Treating Sun Burns


We all know that the sun emits dangerous ultraviolet rays that may damage our skin and eyes. We know that sunscreen is important and that we should limit our time in the direct sunlight. However, mistakes get made and having that knowledge does not always prevent sunburns. The short-term result is a first-degree burn, which affects only the outermost layer of skin. This causes notable redness accompanied by a painful, hot feeling all over our skin, which may lead to the ugly and unpleasant peeling of damaged skin. A sunburn may be accompanied by mild fever and/or dehydration, which may lead to headaches. So what can one do to treat this discomfort and possibly limit the damage?

  • Act quickly – If you notice sunburn developing, get out of the sun as quickly as possible. It may take up to six hours for symptoms of a sunburn to present themselves, so you should not assume a lack of symptoms equals a lack of burning. If you do notice a tingling sensation on the skin or see redness developing, get out of the sun and begin treatment.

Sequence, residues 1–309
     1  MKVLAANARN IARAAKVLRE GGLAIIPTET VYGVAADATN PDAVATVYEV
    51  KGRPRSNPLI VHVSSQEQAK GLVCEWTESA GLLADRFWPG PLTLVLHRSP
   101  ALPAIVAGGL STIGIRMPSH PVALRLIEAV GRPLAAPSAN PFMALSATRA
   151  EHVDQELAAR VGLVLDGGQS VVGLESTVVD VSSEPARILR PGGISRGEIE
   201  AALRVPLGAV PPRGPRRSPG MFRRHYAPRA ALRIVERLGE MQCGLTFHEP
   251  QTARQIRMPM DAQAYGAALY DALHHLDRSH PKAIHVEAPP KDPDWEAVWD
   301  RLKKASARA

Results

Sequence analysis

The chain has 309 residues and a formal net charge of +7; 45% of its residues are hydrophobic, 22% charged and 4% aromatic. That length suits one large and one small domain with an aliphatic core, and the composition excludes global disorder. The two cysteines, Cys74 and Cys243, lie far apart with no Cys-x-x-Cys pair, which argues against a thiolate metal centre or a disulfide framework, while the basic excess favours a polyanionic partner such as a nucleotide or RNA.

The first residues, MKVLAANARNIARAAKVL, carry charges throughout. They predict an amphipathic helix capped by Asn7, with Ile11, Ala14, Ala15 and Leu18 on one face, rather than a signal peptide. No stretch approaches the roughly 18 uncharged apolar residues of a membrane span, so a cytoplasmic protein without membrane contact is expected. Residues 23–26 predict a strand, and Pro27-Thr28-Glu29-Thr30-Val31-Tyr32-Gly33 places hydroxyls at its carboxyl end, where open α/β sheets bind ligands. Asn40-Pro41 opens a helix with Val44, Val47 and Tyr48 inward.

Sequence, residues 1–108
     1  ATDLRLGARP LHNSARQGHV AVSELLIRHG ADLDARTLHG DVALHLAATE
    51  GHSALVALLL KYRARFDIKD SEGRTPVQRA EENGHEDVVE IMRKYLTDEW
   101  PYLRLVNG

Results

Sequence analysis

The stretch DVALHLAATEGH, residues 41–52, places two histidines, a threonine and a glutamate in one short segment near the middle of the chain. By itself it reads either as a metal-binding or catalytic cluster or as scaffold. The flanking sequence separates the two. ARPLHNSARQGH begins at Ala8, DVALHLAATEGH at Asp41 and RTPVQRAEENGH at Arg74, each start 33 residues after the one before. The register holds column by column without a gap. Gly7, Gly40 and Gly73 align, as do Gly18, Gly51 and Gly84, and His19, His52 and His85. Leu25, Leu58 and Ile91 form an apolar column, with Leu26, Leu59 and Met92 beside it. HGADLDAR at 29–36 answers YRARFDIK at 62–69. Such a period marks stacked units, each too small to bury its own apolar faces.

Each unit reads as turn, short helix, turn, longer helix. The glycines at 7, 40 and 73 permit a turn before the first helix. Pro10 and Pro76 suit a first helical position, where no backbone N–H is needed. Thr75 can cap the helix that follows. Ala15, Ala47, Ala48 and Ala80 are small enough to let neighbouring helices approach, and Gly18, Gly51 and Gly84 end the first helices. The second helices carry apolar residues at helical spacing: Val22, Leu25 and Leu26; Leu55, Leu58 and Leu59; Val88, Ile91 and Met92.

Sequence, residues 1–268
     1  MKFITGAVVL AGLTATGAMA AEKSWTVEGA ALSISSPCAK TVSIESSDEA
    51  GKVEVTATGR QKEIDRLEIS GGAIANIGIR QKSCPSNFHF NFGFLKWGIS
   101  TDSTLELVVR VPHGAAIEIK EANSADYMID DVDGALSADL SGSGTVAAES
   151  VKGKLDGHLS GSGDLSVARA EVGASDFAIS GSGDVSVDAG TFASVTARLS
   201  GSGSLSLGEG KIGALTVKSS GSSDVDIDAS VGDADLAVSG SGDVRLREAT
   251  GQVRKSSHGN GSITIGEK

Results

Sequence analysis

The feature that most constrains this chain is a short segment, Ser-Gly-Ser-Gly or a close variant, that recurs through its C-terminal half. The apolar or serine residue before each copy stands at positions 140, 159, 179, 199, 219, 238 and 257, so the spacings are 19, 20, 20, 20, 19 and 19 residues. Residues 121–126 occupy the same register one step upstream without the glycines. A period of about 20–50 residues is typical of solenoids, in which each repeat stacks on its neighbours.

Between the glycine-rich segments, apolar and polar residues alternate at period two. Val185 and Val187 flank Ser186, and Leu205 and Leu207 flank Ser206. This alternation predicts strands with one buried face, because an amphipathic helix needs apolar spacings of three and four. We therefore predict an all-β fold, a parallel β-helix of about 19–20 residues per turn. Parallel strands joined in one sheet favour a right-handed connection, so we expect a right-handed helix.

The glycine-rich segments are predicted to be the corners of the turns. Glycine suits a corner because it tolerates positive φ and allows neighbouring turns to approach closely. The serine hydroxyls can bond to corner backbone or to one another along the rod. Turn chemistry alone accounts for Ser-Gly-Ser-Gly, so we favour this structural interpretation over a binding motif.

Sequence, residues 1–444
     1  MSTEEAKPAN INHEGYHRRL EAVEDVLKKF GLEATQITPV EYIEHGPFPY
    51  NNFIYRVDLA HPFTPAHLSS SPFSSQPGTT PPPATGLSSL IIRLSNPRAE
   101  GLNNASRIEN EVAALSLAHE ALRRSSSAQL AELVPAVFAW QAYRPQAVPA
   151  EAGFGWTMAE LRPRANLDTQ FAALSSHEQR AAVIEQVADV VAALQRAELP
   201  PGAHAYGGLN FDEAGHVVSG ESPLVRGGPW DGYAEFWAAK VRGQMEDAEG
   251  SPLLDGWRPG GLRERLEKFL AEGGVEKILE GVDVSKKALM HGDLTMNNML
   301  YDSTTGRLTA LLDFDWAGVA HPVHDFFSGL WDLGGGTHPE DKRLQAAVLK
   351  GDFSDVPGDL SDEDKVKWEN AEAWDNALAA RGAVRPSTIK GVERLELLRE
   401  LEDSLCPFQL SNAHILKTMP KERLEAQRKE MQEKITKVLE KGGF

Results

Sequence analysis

• Moisturize – Moisturizing cream or lotion may soothe the affected skin, so apply some liberally. Repeating the application frequently may help make the inevitable peeling and flaking of the skin less noticeable. While there is no hard evidence to support this, it is commonly believed that lotions containing vitamins C and E may limit long-term damage to the skin. While studies do not confirm this, they also do not indicate any harm will come from using these enriched products. Using a hydrocortisone cream for the first day or two following the sunburn may provide additional pain relief.

  • Be gentle – It is irritating to have peeling skin and many people feel compelled to remove the flaking skin as quickly as possible. However, using abrasive scrubs or tools to expedite peeling or picking at the skin may irritate the burned area. Try to resist the temptation to mess with the skin and just let it slough off naturally.

  • Hydrate – Burns, including sunburns, draw water towards the damaged area, and away from the rest of the system. Drink plenty of water or sports drink to stave off dehydration. Signs of dehydration may include dry mouth, excessive thirst, decrease in production of urine, headache, and sleepiness. Children are especially vulnerable to dehydration, so seek medical attention if symptoms appear.

  • Over-the-counter painkillers – These inexpensive and easily accessible medications may dull the pain and reduce any fever the patient may experience.


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